As a licensed psychologist and an Asian-American woman, Dr. Cheryl Forster brings a strong and unique set of skills to her work as an intercultural trainer. Her subject matter expertise, love of learning, and warmth come across in her workshops. It was her commitment to the learning process and desire to make a difference that led her to establish Bookmark Connections in 2012.
Cheryl began working at Portland State University’s (PSU) Center for Student Health and Counseling in 2004, where she is the Coordinator of Diversity and the Psychology Internship (PSU has a doctoral internship training program). Her educational background includes a master’s degree from Tufts University in applied developmental psychology, and a doctorate in clinical psychology from Pacific University. Moreover, she has pursued post-graduate studies in intercultural communication from the highly respected Intercultural Communication Institute (ICI). She has attended ICI’s Summer Institute for Intercultural Communication (SIIC) every year since 2008, and in 2014, she earned her advanced-level Intercultural Practitioner Certificate. Cheryl also serves as SIIC’s mental health consultant each summer.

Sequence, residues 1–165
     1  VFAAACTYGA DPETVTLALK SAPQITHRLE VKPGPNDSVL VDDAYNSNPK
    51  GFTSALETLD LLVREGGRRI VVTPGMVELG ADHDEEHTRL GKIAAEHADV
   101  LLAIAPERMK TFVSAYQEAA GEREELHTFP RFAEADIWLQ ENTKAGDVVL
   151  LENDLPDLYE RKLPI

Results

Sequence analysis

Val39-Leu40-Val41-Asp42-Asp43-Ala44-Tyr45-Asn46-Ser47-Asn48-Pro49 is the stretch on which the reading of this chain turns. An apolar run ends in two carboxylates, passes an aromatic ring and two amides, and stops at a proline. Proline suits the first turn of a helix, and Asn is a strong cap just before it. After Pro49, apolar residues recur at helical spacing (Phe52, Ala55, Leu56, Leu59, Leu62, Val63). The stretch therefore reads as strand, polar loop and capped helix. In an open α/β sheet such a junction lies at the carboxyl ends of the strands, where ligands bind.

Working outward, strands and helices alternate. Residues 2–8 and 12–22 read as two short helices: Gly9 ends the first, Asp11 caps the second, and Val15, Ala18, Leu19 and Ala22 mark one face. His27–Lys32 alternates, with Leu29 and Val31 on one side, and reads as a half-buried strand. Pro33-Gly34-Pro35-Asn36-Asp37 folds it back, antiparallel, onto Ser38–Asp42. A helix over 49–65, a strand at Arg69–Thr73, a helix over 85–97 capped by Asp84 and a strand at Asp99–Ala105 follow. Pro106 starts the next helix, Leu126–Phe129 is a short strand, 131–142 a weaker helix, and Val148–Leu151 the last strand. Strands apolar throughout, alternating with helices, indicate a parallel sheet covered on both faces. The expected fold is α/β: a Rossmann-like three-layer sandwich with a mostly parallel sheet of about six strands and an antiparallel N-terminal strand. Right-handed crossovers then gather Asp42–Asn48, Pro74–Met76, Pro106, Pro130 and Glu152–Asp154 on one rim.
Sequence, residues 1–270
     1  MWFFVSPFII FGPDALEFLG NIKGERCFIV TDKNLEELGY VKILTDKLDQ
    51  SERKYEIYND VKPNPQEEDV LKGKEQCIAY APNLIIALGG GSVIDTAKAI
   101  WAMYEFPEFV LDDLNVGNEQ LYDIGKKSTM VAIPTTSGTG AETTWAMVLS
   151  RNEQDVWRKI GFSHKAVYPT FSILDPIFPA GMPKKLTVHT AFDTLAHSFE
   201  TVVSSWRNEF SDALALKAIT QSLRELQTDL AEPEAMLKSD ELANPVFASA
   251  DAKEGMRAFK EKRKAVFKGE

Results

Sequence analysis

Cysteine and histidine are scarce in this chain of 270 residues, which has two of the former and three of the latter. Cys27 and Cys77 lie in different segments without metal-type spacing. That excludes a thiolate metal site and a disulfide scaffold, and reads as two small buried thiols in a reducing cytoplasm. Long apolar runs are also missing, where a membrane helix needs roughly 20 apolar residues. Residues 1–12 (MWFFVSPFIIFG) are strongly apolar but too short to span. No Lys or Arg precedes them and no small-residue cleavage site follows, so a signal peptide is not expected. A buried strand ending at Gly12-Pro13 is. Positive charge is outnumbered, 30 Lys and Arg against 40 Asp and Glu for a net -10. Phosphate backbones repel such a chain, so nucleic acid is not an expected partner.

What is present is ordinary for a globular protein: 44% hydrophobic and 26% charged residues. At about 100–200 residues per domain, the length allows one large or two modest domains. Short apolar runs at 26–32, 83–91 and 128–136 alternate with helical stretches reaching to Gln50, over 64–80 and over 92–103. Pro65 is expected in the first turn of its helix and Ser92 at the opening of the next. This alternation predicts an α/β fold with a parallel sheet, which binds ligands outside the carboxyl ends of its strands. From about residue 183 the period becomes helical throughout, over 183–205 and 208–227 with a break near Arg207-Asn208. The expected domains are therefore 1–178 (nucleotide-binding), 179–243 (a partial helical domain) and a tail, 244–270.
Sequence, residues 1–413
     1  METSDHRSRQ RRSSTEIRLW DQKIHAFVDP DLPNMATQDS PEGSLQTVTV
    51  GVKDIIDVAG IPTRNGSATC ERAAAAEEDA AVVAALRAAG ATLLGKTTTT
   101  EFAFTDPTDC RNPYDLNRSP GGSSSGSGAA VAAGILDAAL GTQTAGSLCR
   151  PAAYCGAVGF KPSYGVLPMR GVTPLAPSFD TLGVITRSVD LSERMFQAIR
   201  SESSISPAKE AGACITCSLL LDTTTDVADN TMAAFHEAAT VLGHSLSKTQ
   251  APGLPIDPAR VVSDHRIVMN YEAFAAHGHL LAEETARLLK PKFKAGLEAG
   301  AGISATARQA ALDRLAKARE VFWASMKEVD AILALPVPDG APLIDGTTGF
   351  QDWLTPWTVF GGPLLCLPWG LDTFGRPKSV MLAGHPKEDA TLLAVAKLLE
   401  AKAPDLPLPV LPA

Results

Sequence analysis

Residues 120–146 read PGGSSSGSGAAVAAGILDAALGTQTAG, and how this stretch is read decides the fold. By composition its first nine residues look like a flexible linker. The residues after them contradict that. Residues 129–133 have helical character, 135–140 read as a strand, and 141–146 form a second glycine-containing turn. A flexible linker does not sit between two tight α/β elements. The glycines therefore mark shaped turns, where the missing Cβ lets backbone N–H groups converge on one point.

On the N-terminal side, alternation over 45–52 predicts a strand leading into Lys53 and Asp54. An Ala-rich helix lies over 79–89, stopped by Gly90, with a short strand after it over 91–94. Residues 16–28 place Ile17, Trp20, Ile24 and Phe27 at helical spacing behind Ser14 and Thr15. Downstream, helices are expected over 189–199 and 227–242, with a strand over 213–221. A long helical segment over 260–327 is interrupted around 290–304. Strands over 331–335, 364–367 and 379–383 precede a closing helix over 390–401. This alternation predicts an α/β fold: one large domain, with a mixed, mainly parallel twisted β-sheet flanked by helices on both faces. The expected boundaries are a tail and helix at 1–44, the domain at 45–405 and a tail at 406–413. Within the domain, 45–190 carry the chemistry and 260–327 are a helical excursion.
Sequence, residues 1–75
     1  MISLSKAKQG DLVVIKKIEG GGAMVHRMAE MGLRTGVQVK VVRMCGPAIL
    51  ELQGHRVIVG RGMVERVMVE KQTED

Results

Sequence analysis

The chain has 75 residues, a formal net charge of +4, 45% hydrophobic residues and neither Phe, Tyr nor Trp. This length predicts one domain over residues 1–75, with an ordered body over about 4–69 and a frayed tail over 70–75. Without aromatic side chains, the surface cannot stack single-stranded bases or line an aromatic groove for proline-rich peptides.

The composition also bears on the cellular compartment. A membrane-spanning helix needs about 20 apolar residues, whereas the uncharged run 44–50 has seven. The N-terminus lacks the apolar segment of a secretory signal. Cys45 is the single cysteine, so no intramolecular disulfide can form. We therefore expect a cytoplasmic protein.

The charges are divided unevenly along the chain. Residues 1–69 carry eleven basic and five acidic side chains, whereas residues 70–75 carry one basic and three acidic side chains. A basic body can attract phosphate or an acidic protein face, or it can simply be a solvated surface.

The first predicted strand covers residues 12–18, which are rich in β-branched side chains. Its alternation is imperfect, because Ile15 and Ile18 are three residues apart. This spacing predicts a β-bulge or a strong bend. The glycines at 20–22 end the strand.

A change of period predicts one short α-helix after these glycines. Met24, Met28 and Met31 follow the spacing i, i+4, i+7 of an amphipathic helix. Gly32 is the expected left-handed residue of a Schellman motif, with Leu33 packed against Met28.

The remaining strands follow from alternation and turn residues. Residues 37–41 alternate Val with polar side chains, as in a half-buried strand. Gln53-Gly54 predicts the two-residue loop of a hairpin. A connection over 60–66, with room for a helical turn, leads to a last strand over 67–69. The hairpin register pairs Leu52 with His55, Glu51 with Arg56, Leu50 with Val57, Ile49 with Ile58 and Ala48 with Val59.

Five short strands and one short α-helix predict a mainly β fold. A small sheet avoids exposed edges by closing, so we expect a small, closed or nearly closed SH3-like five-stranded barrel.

Cheryl is a former Association of Counseling Center Training Agencies’ (ACCTA) Diversity Scholar, and currently serves on the ACCTA Board of Directors (2017 to 2019). In the spring of 2018, she taught a class at the Middlebury Institute of International Studies at Monterey, and through the Cultural Intelligence Center, became a Certified Advanced Cultural Intelligence (CQ) Facilitator. Moreover, Cheryl is a contributing author in The SAGE Encyclopedia of Intercultural Competence (2015), and she is currently working on an article about integrating intercultural sensitivity and cultural intelligence into diversity and social justice training in psychology.
Other professional interests include stress, trauma, and attachment from an interpersonal neurobiology perspective. Cheryl has completed training in EMDR therapy, and uses a trauma-informed approach in all of her work.
All in all, Cheryl’s personal experiences as a Korean adoptee, growing up in an intercultural family, and being one of the only people of color in her hometown, led her to diversity, social justice, and intercultural work. As a way to improve her sociolinguistic intercultural competence and connect more to her birth culture, Cheryl also takes Korean language lessons whenever she can.